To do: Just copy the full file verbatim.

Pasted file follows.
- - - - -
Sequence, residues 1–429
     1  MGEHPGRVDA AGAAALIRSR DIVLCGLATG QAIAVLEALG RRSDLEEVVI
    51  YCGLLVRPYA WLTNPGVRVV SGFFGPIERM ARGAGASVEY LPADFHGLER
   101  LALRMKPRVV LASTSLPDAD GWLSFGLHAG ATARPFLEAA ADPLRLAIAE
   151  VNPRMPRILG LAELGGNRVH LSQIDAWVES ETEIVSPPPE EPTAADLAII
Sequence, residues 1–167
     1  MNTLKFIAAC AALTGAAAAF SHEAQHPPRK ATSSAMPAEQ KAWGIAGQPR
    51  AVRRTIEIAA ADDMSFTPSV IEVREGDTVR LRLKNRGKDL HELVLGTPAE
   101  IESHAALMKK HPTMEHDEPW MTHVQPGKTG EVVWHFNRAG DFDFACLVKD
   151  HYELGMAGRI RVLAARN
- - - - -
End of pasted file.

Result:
Sequence, residues 1–429
     1  MGEHPGRVDA AGAAALIRSR DIVLCGLATG QAIAVLEALG RRSDLEEVVI
    51  YCGLLVRPYA WLTNPGVRVV SGFFGPIERM ARGAGASVEY LPADFHGLER
   101  LALRMKPRVV LASTSLPDAD GWLSFGLHAG ATARPFLEAA ADPLRLAIAE
   151  VNPRMPRILG LAELGGNRVH LSQIDAWVES ETEIVSPPPE EPTAADLAII
Sequence, residues 1–167
     1  MNTLKFIAAC AALTGAAAAF SHEAQHPPRK ATSSAMPAEQ KAWGIAGQPR
    51  AVRRTIEIAA ADDMSFTPSV IEVREGDTVR LRLKNRGKDL HELVLGTPAE
   101  IESHAALMKK HPTMEHDEPW MTHVQPGKTG EVVWHFNRAG DFDFACLVKD
   151  HYELGMAGRI RVLAARN